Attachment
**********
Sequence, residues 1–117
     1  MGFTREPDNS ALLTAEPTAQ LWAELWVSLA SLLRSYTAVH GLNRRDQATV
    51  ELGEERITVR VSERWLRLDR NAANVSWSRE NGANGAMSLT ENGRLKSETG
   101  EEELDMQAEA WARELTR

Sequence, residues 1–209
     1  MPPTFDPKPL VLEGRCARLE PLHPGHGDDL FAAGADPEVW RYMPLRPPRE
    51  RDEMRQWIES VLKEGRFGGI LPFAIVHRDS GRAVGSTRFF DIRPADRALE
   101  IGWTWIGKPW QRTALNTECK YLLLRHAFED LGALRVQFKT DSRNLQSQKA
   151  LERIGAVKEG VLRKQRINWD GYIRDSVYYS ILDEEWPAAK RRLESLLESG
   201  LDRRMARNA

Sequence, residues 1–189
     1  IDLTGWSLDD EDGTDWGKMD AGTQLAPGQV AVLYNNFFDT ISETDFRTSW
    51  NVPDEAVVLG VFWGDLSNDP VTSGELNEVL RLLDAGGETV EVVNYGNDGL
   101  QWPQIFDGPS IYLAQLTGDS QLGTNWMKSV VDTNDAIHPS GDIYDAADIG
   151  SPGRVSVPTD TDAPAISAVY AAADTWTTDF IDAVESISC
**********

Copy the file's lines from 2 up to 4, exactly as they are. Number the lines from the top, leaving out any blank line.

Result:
     1  MGFTREPDNS ALLTAEPTAQ LWAELWVSLA SLLRSYTAVH GLNRRDQATV
    51  ELGEERITVR VSERWLRLDR NAANVSWSRE NGANGAMSLT ENGRLKSETG
   101  EEELDMQAEA WARELTR